Wednesday, February 14, 2007

Banning Landmines, by Eliza

So long as there is war and conflict in the world, there will be humanitarian emergencies. So long as there are landmines in the ground, people will be deprived of their basic right to a decent life; communities will be denied the opportunity to prosper; nations will be depleted of resources needed to rebuild and develop. Yet with the continued support of Member States, we have the means to end this suffering. To that end, the United Nations Mine Action Service is one of our most precious resources.
Kofi Annan, Secretary-General of the United Nations

Landmines are horrible things. Originally used by the military, they are placed in the ground, where people can't see them and are activated when stepped on. When people step on them, they are seriously injured. This makes it hard to create safe communities, and for refugees to return home. Every year, thousands of people die from stepping on one, and many live in the poorest parts of the world.

Landmines date back to the Greek and Roman empires. However, it was during the second World War that they began being used widely for defensive and tactical reasons, and to achieve military objectives. Many of the mines were not immediately cleared. Many European countries still live with the threat from the second World War. In the 1960s, technology was developed so landmines could be scattered in large quantities by machine. Thousands covered the land during the Vietnam War. In the 1980s, mines became a weapon of choice in many internal conflicts. They were very inexpensive, another reason to use them. In 1992 six humanitarian organizations joined together the create the :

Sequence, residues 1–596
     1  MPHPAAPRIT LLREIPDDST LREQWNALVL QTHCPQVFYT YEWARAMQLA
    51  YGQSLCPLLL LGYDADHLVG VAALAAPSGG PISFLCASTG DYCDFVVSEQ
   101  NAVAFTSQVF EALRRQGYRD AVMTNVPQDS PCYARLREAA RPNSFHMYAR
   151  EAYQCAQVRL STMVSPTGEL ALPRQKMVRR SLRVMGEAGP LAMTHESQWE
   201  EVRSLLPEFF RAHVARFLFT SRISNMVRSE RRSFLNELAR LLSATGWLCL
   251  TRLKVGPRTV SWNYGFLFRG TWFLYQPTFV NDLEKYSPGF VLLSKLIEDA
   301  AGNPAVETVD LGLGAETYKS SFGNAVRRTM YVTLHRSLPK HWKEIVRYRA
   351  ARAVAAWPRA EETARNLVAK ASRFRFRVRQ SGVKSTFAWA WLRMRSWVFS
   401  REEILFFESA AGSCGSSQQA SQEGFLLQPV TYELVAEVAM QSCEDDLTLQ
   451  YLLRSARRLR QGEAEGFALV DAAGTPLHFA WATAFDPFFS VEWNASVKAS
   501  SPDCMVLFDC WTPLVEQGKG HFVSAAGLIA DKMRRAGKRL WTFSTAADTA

The work of the ICBL, which grew to more than 1400 non-governmental organizations, in partnership with the Committee of the Red Cross, The UN and governments worldwide (can you believe that the U.S. government is not one of them?!), aims to make the history of landmines a short one.

Landmines make me sick, and I'm going to do everything Ican to stop them. I saw one when I went to the UN with my mom and grandmother. Our tourguide said some children had seen them, and thought they where toys. They did look like yo-yo's. It's not just feet that get injured, but hands, too. I can't imagine living somewhere, and not having anywhere safe to go, not even home.

1 comment:

Anonymous said...

Yea. I think it's so unfair. I feel bad for the men that had to go through that...